We have seen the impact of technology and the business models surrounding it outracing ethical concerns in the rise of fake news, the ubiquitous influence and control of content exercised by Facebook, Apple, and Google, and the related question of data ownership as a civil right. In the Sunday afternoon panel discussion “Reckoning with the New Hegemonists,” RBC Capital Markets security analyst Mark Mahaney, Simulmedia CEO Dave Morgan, and University of Alabama law professor Joyce Vance debated the prospect and wisdom of restraining these tech titans: How does government regulate innovations it doesn’t sufficiently understand? How does society decide policy when we often only appreciate the impact of a new technological powerhouse after the fact?
Such questions get even more complicated when one considers data ownership. Breakfast colloquys, breakout sessions, and main-stage sessions wrestled with the urgent contemporary question of whether data ownership should be a civil right. And if it should, how can it be retrieved from companies that already monetize consumers’ data in ways the customers can’t even see? There is a groundswell movement underway to better understand, articulate and defend people’s rights to data privacy and allow them to determine for themselves how the data they generate is captured, sold and used. A highly motivated tribe of techonomists were on hand to share their diverse efforts to tackle this issue, including Marc Rotenberg of the Electronic Privacy Information Center, UC Berkeley Haas School of Business’s Molly Turner, NYU School of Law’s Lawrence Norden, Code for America’s Minnie Ingersoll, FiscalNote’s Tim Hwang, Scripps Translational Science Institute researcher and author Dr. Eric Topol, Consumer Reports CEO Marta Tellado, Nicolai Publishing’s Christiane zu Salm of Germany, and Uber attorney Sabrina Ross.
It is a topic with global sociopolitical ramifications, as well. Techonomy 2017 explored numerous growing social threats, including the rise of nationalistic AI and data stacks, the unseen data warfare that extends beyond mere nation-state hacks, and the fundamentally unsecured nature of our IoT and consumer device infrastructure. Despite an articulate and balanced discussion of China’s perspective with C-SKY Microsystems CEO Xiaoning Qi, the subsequent closing panel discussion with Mark Anderson of Strategic News Services, BAE Systems’s Peder Jungck and Rebecca MacKinnon, from Ranking Digital Rights at New America, made it clear that we face much risk in the systems we rely on today to run our physical, financial and commercial infrastructures. That means that even as we hope to build the next generation of digitized cities and social services, we face the severe risk of cyberattack and malign interference.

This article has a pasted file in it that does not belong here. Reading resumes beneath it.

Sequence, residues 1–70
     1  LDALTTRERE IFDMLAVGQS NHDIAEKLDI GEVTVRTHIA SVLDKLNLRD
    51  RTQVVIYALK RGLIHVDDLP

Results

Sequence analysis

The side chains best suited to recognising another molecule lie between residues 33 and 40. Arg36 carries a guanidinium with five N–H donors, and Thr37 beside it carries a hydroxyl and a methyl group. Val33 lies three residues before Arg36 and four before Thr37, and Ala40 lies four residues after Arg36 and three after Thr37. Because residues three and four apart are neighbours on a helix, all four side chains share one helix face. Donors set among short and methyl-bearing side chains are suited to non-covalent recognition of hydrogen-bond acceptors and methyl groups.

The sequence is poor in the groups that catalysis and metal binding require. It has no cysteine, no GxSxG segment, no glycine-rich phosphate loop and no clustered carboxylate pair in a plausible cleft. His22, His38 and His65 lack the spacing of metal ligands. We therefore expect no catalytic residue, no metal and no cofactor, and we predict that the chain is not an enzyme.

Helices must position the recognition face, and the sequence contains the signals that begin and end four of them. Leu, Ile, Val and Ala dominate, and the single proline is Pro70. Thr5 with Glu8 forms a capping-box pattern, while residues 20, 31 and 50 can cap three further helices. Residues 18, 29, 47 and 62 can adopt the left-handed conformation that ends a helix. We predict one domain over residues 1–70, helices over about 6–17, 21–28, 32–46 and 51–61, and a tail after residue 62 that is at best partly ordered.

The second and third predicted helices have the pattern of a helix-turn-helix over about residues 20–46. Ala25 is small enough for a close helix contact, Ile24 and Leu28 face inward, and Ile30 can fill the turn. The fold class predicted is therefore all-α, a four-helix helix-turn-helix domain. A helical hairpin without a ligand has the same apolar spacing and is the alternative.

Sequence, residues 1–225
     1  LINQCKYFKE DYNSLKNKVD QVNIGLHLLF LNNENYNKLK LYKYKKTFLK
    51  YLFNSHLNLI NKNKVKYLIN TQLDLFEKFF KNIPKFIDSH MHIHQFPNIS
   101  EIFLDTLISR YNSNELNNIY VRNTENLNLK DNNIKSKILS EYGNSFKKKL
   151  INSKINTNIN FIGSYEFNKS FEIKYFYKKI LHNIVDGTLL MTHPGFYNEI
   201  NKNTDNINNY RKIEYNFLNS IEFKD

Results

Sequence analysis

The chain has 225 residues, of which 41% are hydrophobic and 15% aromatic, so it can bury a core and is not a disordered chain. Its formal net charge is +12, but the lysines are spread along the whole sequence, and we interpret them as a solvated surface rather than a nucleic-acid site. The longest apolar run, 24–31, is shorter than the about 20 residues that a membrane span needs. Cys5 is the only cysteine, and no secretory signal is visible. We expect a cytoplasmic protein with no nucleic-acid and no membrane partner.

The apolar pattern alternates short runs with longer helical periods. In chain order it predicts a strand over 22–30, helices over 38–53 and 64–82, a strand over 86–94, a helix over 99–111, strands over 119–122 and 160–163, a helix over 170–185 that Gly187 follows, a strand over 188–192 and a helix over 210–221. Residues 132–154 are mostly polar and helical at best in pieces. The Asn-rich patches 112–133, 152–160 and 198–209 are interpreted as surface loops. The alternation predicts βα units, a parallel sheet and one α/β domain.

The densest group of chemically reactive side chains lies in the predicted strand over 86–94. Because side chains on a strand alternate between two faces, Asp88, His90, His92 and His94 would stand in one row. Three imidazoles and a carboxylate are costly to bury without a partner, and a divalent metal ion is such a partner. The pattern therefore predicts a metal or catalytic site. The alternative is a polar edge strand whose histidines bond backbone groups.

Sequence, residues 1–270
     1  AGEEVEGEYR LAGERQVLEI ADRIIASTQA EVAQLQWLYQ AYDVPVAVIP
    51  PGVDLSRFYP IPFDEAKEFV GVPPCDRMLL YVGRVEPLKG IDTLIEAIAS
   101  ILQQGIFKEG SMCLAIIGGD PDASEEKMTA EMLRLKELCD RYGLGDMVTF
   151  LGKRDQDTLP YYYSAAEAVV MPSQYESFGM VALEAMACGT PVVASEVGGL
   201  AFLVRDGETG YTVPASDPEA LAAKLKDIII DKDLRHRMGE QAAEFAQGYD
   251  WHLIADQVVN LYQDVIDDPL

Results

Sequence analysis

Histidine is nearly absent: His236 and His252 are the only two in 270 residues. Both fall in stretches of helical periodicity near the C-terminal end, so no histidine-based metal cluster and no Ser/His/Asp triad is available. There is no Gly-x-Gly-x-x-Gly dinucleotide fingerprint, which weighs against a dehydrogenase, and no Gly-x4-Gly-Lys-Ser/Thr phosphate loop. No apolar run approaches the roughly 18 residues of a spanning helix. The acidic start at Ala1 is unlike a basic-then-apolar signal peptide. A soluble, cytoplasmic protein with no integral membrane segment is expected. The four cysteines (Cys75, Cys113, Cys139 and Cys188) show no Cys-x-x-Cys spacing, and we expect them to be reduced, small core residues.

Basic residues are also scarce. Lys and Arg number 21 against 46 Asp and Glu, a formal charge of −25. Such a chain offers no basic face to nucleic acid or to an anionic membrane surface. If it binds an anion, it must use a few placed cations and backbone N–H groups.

The very fabric of trust in the internet is at stake, and innovators, business leaders and policy makers must come to grips with that immediately, before the economic promise of digital business and IoT evaporates. How can we reverse engineer trust in these systems? Where are we exposed most, and how do business leaders plan in the face of what is sure to be a continued pattern of devastating breaches? And what can be done now to protect the next generation of economically, environmentally and socially transformative innovations?